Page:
Closed Live Blog: Mario Draghi’s December press conference

The European Central Bank, as expected, left its benchmark lending rates unchanged on Thursday. Eyes now turn to the monthly press conference of ECB President Mario Draghi to see how close policy makers are to embarking on a full scale programme of quantitative easing. Mr Drahgi starts at 13.30GMT and usually speaks and takes questions for an hour.

By Ralph Atkins and John Aglionby.

Hello and welcome to our live blog of the first Mario Draghi press conference from the ECB’s new headquarters. Has Frankfurt ever looked more romantic than in this photo?

Anyone wanting more details about the building (it’s the one on the right in the photograph) should view our slideshow.

For all you “Draghi bingo” players out there, the FT’s ECB correspondent Claire Jones has compiled a list of what to look out for at the press conference. The four key things are:

How dovish will Mr Draghi be?
Economic forecasts for 2015 and 2016
TLTRO fine tuning
Structural reforms

And what do the markets really think of the impending press conference? One answer is to study the latest euro rates. Another is to read the Alex cartoon in today’s Daily Telegraph – which provides a neat summary.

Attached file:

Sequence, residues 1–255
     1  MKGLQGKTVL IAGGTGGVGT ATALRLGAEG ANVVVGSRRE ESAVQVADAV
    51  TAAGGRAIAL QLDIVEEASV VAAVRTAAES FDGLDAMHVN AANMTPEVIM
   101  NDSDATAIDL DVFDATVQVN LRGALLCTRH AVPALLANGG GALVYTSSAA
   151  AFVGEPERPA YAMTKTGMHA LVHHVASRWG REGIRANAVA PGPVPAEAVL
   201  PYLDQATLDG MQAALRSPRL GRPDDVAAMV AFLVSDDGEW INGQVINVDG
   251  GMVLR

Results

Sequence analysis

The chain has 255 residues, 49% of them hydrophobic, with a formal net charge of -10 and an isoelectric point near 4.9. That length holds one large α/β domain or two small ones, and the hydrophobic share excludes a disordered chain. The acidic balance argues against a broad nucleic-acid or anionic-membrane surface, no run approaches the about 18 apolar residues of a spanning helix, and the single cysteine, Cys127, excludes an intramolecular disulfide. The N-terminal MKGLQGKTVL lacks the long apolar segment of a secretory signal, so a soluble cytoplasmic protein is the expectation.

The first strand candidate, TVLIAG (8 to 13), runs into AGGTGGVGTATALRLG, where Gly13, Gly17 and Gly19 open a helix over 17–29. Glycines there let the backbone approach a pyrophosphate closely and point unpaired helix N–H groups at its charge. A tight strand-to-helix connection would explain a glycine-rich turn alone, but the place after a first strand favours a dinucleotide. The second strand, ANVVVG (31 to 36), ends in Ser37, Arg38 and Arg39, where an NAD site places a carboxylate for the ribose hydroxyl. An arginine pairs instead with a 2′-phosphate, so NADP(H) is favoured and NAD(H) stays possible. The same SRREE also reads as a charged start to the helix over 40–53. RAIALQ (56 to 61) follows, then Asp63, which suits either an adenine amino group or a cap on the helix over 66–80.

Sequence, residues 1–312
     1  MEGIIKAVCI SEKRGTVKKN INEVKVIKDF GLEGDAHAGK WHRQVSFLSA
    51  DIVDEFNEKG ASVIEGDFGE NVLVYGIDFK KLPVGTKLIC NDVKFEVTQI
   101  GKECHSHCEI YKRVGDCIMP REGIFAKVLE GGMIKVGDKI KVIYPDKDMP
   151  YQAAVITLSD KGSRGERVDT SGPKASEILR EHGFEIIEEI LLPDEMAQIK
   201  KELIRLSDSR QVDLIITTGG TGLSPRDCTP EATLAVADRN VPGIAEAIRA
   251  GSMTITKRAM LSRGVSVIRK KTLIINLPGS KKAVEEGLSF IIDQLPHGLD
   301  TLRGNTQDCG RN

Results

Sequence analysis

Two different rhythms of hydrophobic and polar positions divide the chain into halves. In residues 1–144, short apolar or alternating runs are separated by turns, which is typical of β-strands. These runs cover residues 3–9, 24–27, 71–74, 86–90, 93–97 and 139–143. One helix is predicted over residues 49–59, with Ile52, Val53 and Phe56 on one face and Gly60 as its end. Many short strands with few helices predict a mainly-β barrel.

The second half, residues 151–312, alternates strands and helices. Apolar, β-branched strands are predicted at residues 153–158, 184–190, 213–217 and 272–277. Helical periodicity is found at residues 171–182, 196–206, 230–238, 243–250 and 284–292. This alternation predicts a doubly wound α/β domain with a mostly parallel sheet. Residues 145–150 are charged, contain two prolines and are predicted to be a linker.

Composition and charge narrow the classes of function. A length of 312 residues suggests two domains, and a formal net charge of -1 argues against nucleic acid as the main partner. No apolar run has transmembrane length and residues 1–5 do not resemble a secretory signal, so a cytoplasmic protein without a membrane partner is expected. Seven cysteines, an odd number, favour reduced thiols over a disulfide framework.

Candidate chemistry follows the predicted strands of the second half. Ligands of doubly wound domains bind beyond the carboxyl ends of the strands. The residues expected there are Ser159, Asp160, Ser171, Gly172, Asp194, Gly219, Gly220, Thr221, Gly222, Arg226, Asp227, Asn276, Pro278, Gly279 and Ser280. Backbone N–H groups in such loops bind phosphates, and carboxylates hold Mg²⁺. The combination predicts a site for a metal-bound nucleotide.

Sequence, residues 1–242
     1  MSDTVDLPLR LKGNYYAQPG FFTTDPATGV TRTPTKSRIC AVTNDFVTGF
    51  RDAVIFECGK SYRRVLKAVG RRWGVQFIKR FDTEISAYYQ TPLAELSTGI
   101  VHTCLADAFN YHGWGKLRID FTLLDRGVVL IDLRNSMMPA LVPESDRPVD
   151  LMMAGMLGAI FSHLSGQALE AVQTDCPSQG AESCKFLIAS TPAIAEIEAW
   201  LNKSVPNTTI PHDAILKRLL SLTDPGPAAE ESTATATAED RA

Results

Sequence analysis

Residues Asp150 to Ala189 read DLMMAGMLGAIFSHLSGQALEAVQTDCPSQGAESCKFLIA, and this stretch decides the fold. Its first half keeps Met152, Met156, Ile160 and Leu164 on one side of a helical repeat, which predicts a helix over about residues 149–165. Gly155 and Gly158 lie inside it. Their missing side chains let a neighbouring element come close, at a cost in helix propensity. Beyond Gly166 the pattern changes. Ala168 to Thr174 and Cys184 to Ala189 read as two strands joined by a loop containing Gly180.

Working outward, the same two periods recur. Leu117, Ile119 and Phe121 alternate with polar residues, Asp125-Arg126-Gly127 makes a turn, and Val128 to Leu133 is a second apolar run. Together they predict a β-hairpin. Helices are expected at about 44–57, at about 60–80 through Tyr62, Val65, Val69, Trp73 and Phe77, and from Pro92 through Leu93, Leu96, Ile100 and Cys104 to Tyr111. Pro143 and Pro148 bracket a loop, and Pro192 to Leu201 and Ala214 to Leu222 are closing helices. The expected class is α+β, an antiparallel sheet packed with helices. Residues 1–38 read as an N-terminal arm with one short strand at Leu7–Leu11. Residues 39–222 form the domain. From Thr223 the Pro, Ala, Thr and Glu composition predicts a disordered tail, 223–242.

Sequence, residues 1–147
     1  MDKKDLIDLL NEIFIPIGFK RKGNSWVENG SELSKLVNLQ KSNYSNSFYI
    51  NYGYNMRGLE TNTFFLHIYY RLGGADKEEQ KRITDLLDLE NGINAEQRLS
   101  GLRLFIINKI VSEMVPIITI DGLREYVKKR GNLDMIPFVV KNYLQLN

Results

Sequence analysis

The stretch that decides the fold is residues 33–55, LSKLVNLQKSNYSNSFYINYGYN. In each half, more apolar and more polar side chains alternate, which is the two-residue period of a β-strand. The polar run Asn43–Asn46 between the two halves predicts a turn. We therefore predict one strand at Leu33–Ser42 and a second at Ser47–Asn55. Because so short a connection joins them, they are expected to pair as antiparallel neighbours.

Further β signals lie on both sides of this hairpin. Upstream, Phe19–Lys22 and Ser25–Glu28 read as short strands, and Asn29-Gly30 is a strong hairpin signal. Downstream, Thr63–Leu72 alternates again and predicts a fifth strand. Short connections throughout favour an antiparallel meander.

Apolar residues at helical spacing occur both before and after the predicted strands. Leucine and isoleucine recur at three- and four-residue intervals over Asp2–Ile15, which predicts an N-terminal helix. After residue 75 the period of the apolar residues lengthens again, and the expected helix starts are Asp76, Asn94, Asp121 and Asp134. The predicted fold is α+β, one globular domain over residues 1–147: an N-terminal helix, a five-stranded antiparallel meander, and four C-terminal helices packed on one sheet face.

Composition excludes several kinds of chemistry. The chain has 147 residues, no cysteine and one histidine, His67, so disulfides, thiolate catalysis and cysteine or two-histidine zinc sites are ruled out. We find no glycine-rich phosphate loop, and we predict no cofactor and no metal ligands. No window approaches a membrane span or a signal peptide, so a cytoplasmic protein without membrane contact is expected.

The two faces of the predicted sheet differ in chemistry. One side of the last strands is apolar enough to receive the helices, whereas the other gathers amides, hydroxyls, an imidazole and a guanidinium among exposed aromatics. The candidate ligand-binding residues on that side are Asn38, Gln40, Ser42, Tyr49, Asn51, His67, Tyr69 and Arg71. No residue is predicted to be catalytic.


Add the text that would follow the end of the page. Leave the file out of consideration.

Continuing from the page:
Financial markets hope the ECB’s swanky new headquarters building is not the only topic of conversation. Expectations are high that dove-ish comments by Mr Draghi will pave the way for full-blown QE early in 2015. That will require a close scrutiny of his opening statement, as well as his responses to questions.

Claire has filed already on the no-change rate decision.

The ECB governing council kept its main interest rate at its record low of 0.05 per cent, as expected. The interest charged on a portion of banks’ deposits parked at the ECB remained 0.2 per cent.

Or, in more common parlance, the interest rate on banks’ deposits is -0.2 per cent.

A view from the press conference – that has yet to start

Mr Draghi is taking his seat, should be starting very soon

Mr Draghi starts with a little history of the new building, work on which started in 2001. It is based on the reconstruction of Frankfurt’s former vegetable wholesale market in the east of the city, by the river Main.

In his introduction, Mr Draghi repeats that ECB asset purchase programmes already underway “will have a sizeable impact on our balance sheet, which is intended to move towards the dimensions it had at the beginning of 2012.”.

Talking of the ECB’s balance sheet, here’s a chart of the balance sheet, compared with inflation in the eurozone:

From Neil Dennis on the FT markets desk: